Steve Sayre: Our relationship with Wiley has settled down and is going well; submissions to the journals are steady and Ecosphere continues to increase (and is our largest journal). Steve had a meeting with the Ithaca office staff to discuss strategy and planning which went well. Membership—Laura Capponi is no longer at ESA and there have been interviews with new candidates for that position. Membership strategy is being discussed, based on the outcome of the survey and discussion with the consultant who helped with that. There will be a discussion in November with staff on strategy for promoting the New Orleans meeting. Steve has been working on the 2018 cycle for Certification. The application process has been streamlined, and more outreach and marketing is being planned. Gillian and Jayne raised the issue of annual meeting themes and wondered whether a theme is necessary.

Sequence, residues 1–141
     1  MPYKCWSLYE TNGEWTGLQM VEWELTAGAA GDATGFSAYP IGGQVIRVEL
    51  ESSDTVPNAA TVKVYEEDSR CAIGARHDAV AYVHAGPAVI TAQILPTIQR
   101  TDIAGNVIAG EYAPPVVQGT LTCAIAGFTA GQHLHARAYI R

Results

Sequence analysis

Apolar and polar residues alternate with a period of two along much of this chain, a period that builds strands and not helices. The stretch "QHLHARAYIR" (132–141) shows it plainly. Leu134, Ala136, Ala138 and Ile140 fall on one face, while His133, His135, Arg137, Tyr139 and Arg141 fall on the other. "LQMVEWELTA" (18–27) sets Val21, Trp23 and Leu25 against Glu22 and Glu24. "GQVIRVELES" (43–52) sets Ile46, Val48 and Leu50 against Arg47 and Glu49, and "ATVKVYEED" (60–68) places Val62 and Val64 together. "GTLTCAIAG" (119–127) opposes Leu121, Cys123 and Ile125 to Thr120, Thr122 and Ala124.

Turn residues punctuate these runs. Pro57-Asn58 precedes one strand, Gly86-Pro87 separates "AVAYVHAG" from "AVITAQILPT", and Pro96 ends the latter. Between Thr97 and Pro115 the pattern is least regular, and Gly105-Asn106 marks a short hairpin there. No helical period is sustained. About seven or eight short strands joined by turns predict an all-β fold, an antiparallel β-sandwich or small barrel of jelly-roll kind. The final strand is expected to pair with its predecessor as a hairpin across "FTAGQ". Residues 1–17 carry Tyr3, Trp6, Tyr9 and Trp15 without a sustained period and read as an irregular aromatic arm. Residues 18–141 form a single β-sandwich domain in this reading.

Sue Silver: Short updates—there has been an invitation to have authors create short videos or blogs to go along with their articles; this Frontiers Focus effort have been refocused with the help of Nalini Nadkarni and will be restarted. A strategic review is coming up and there will be a survey to readers and authors as part of that effort. The design of Frontiers will be refreshed and tweaked to modernize it to some degree. Matt commented that other journals have had similar efforts (to Frontiers Focus) that haven’t been sustained, and that readers of the paper version can’t directly access those without going online; Nalini mentioned that there will be other methods to create wider outreach for Frontier Focus output.
C. Financial Update